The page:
THE FOUR HORSEMAN OF SPACE FINANCE
THE SPACE INDUSTRY HAS COME A LONG WAY IN THE PAST TEN YEARS. Not only have key technologies such as launch reusability and 3D printing in space been demonstrated successfully, the nature of space finance has also evolved significantly. Ten years ago, the industry struggled to attract early-stage angel capital. With that problem now largely solved, venture capital firms and other institutional investors have entered the industry in a meaningful way. Despite this, space finance remains perhaps the biggest challenge to truly opening up the high frontier. This begs the question as to why space financing is so hard. Additionally, we can ask how is space different from other industries? And what can we as an industry do about it?
First Principle of Investments
To better understand space finance, it is best to start with the basics about any type of investment. In general, the governing principle is risk versus reward. As the chart below shows, for a higher level of risk, you would expect a higher return. This is why equities typically have higher returns than debt. Since debt holders are paid first, and equity holders get what is left over, the debt holders are in a superior (and less risky) position. For this lower level of risk, a lower return is required.
However, at the upper right of the chart, you can see some anomalies. For example, why would private equity (primarily a US-based invention) have a higher return than emerging markets, which are typically economies that have much more systemic risk? The answer is that while you can buy emerging markets in a mutual fund, you can’t necessarily do that with private equity. Therefore, private equity is less liquid (e.g. you can’t sell it at the push of a button on the open market). This lack of liquidity means that investors need a higher return in order to agree to this.
The Four Horsemen of Space Finance
In the case of space, not only are the investments risky, they are usually illiquid. If that weren’t bad enough, there are two additional negatives that typical space investments have that many other industries do not. They require high capital expenditures (CapEx) and have very long-term horizons for investment payback. Collectively, I call these four challenges (risk, illiquidity, high CapEx and long-term horizons) the Four Horsemen of Space Finance.
High capital expenditures, of course, mean that investors must inject a large amount of capital up front, before a product or service can be created that ultimately generates revenue. If the time horizon for that payback is quick, which would be the case for software, for example, then CapEx may not be that big of an impediment. However, if the payback is 5-7 years or more, there are few investors who would be willing to invest in that type of business plan.
Looking at the four characteristics of space finance – high risk, illiquidity, high capital expenditures and long-term horizons – you might ask yourself, why would anyone want to invest in space? The answer of course is that the potential returns can be enormous.
Given the Four Horsemen of Space Finance, there are essentially four groups of capital available to the industry at this time: benefactors, sovereigns, strategics, and crowdfunding. These each have their positive benefits, but also their drawbacks.
In recent years we have seen the advent of benefactor capital. Entrepreneurs such as Jeff Bezos, the late Paul Allen, and others have put their own capital to work for the benefit of space. While this has had a significant impact on the industry, it remains small in comparison to what is required, and is by definition narrow in scope, e.g. focused on a specific part of the industry.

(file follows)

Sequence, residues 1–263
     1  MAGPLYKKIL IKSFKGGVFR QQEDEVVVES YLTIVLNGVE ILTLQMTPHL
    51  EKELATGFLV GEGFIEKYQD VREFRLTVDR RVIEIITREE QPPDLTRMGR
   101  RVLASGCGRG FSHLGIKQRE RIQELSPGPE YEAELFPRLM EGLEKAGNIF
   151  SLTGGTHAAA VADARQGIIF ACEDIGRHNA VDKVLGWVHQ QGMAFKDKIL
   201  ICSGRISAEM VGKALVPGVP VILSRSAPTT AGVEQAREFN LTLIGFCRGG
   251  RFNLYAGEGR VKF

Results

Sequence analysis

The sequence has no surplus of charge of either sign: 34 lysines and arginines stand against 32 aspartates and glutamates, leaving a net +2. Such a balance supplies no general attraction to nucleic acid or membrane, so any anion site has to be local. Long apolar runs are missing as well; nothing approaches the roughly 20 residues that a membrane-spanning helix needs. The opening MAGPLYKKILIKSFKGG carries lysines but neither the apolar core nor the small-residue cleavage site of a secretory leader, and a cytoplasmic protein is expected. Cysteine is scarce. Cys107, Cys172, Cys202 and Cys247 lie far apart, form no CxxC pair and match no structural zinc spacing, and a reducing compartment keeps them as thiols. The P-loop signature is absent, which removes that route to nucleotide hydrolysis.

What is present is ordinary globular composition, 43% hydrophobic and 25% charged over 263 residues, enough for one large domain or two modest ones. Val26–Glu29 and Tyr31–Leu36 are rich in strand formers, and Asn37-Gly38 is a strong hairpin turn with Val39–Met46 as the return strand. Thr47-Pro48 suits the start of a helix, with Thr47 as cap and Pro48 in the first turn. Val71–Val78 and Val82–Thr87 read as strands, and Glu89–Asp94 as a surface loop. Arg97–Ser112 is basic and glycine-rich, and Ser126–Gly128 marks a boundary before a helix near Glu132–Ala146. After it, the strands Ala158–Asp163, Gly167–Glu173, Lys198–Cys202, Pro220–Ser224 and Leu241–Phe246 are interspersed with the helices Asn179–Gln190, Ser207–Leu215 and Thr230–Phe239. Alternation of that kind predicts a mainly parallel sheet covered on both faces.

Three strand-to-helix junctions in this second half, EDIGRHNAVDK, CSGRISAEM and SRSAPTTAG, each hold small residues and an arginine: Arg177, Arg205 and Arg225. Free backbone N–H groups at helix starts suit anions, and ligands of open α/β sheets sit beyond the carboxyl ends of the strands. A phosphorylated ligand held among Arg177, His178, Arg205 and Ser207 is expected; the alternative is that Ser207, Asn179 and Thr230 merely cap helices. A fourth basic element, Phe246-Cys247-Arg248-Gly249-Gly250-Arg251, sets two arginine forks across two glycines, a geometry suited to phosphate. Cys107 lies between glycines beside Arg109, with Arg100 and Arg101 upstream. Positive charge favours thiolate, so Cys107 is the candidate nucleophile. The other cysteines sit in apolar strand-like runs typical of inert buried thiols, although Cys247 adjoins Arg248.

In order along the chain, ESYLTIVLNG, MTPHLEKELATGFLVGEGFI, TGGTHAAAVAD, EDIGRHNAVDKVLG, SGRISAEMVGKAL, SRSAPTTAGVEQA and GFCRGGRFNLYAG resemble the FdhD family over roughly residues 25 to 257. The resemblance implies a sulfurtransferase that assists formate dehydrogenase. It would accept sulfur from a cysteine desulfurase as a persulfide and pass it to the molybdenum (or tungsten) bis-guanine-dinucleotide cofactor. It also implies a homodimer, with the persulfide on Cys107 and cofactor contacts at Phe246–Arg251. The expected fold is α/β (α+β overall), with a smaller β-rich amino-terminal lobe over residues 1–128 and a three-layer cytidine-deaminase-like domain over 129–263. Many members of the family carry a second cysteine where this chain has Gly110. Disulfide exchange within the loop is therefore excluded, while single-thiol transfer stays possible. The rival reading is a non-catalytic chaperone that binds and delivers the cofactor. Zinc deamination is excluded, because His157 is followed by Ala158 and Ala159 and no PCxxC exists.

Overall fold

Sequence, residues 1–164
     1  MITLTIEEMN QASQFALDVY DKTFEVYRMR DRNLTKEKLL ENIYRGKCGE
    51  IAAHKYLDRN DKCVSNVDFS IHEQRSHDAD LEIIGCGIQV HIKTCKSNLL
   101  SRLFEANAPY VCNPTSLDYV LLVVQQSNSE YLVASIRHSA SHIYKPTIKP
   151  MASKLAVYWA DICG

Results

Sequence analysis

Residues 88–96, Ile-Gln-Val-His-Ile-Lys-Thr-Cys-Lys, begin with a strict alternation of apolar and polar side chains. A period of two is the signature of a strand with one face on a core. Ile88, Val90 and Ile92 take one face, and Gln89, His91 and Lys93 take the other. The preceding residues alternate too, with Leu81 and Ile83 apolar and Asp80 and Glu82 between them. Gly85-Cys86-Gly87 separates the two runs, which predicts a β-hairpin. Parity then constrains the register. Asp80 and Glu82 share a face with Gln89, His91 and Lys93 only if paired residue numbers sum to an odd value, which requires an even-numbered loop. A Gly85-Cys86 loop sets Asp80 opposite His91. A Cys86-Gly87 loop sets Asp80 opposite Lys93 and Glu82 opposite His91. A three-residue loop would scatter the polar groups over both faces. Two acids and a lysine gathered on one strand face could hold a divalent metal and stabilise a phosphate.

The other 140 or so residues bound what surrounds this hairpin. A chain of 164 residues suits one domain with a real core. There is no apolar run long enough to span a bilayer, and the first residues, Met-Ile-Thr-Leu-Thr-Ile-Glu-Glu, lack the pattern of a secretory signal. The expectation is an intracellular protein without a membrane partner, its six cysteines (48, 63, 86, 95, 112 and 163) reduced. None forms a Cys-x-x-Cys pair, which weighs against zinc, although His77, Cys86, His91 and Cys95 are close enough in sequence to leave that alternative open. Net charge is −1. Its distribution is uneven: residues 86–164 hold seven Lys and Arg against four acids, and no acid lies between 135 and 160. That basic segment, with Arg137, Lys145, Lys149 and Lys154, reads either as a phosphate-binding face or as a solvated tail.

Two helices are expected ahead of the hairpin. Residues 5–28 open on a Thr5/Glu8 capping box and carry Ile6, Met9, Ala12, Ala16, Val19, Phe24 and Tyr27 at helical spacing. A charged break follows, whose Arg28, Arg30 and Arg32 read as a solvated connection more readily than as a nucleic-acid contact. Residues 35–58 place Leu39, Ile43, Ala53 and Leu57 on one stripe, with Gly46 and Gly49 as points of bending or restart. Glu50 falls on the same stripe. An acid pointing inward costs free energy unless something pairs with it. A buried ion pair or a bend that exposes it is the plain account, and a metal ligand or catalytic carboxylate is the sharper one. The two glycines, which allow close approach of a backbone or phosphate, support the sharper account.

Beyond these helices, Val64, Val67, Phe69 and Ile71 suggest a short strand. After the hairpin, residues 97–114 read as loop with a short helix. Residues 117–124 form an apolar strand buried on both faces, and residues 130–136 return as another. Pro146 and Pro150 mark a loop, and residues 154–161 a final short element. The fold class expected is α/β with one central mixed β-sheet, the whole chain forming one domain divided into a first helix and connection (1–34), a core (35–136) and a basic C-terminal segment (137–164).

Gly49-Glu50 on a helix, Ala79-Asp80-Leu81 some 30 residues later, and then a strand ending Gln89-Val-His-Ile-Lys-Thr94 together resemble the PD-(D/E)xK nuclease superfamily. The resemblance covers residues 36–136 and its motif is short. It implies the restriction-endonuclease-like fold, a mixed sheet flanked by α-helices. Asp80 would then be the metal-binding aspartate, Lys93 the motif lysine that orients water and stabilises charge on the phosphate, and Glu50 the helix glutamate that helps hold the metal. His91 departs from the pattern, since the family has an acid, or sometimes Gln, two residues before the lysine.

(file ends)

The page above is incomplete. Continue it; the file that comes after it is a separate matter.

Sovereign wealth funds are also potentially well suited to space, particularly given their long-term horizons. However, since most of the sovereign wealth in the world has complications related to both ITAR (International Traffic in Arms Regulations) and CFIUS (Committee on Foreign Investment in the U.S.), there have been challenges with this category as well.
There are larger companies in the ecosystem that can afford the long-term horizons and slow payback because they ultimately see NewSpace ventures as outsourced research and development. These are, of course, the larger strategic firms. While this can be a good source of capital for companies, it also puts them on a path of less independence in the future. Many entrepreneurs therefore shy away from this type of capital, choosing instead to go it alone in the capital markets.
In recent years the rise of crowdfunding has had a significant impact on global finance. Essentially these are micro-investments from typically small investors. You can think of a public company as a gateway to crowdfunding in the sense that theoretically anyone can buy shares in as little as one share denomination.
However, the recent rise in crowdfunding is typically through sites and platforms that aggregate small amounts of capital. Kickstarter is perhaps the best known of these platforms but there are many others. While these platforms are interesting and they show promise in being able to fill the gap in space finance, the capital pools are still too small to really move the needle.
In conclusion, if the industry wants to continue on the journey of creating healthy capital markets for space, the Four Horsemen need to be minimized. This will require lowering risk and reducing time horizons by engaging in more industry collaboration and standards. It will also require minimizing the number of companies that fail, and having more examples of companies engaging in successful exits (such as IPOs). Last but not least, creating more retail investor demand for space and ways for retail investors to participate will also be an important next step for the future of the industry.